Four Behaviour Patterns
This 16-item assessment is based on four behaviour patterns or “psychological types” identified by Carl Jung in his 1920 book, Psychological Types. He set forth a theory of personality that identified four behaviour patterns that each of us possesses to varying degrees:
These strongly influence how we communicate, how we are perceived, how we approach decisions and problems- in short, how we behave. Using these four behaviour patterns the participant will learn the relative strength of each. The Personal Style Assessment measures the style of communication and personality, and describes the implications and consequences of each.
No one style is better or worse than the others, and all four styles are present in each of us. Some people have a 'strong suit' and use it to their advantage; others find their predominant style to be a liability. Still others have a fairly even balance over the four styles, and can meet people on their own wavelengths with relative ease. The issue, then, is not what what our profile is, but rather that we know it and use it to best advantage.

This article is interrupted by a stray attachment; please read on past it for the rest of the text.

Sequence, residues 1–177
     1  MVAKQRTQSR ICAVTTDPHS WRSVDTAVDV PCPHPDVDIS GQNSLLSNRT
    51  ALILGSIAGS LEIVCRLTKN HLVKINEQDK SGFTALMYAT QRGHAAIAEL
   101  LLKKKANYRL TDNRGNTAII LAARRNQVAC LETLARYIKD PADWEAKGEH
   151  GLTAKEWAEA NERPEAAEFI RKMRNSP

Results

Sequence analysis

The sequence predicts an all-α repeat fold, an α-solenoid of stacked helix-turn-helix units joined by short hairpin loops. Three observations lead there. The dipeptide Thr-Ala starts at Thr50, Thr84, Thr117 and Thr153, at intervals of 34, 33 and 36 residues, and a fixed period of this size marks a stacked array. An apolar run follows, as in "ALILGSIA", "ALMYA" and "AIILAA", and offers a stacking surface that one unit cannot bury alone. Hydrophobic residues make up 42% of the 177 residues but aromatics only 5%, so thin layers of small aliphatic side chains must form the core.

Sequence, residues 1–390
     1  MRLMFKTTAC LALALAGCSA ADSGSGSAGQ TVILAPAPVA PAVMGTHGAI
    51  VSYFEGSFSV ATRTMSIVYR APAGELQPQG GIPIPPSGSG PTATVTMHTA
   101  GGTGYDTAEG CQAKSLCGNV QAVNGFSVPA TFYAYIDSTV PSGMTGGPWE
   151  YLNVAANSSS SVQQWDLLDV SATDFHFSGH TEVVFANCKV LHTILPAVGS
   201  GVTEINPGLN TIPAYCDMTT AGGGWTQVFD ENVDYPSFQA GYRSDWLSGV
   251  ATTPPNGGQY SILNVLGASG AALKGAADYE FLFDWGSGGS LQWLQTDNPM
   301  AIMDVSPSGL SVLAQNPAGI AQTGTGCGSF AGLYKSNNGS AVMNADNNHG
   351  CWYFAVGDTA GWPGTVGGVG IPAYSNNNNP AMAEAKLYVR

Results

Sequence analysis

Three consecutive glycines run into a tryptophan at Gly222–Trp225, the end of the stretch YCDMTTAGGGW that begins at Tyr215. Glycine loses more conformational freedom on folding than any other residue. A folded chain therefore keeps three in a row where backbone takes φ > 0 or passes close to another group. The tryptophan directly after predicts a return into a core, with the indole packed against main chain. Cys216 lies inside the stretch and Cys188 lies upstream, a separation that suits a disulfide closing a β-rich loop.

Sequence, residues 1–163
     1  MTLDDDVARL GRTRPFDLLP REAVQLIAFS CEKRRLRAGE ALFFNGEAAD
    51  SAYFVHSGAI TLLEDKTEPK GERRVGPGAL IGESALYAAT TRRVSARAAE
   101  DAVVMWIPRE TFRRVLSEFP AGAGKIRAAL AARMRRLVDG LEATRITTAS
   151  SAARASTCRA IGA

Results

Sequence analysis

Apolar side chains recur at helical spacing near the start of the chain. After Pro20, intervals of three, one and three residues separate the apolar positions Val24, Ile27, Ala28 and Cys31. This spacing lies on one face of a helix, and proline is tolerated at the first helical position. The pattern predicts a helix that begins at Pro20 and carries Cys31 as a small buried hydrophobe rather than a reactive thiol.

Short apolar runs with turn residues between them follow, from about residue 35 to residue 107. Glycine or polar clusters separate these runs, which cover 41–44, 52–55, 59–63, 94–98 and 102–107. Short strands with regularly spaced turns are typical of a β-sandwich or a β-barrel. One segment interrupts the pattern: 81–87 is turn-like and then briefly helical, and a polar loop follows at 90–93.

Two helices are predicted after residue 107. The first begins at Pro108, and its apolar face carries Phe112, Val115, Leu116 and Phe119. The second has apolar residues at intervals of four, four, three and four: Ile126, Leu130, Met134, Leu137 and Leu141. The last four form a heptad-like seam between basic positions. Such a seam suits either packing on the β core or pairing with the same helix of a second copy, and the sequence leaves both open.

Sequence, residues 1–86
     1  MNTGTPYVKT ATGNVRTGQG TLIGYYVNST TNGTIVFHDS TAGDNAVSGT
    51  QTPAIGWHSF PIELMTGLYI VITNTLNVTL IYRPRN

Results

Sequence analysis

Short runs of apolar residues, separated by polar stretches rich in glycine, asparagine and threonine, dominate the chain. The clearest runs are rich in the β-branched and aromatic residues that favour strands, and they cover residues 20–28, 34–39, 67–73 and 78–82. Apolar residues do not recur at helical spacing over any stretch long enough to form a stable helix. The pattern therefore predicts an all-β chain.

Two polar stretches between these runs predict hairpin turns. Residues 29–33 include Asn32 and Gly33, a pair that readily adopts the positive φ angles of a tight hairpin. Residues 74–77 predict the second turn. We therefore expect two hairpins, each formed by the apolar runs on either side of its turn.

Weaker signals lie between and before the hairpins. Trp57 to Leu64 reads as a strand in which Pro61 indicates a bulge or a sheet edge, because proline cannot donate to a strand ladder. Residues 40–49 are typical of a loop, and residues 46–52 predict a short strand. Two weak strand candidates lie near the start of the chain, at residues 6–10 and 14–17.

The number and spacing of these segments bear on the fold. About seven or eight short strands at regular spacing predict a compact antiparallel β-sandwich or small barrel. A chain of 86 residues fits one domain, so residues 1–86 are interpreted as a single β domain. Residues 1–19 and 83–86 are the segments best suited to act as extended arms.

Jung-Parry Form Interpretation
Building on Jung's work, Scott Parry created the Personal Style Assessment (PSA) as a means of giving insights into the meaning of the four psychological types and the uses to which these insights can be put. There are three major implications of the scores on this assessment- three benefits that await you:
1. Increased awareness of how others view you and react to you;
2. Improved ability to 'flex' your style to meet others on their wavelengths;
3. Better teamwork by drawing on one another's strengths.
This assessment illustrates each of these benefits and indicates how you can take advantage of each of them.
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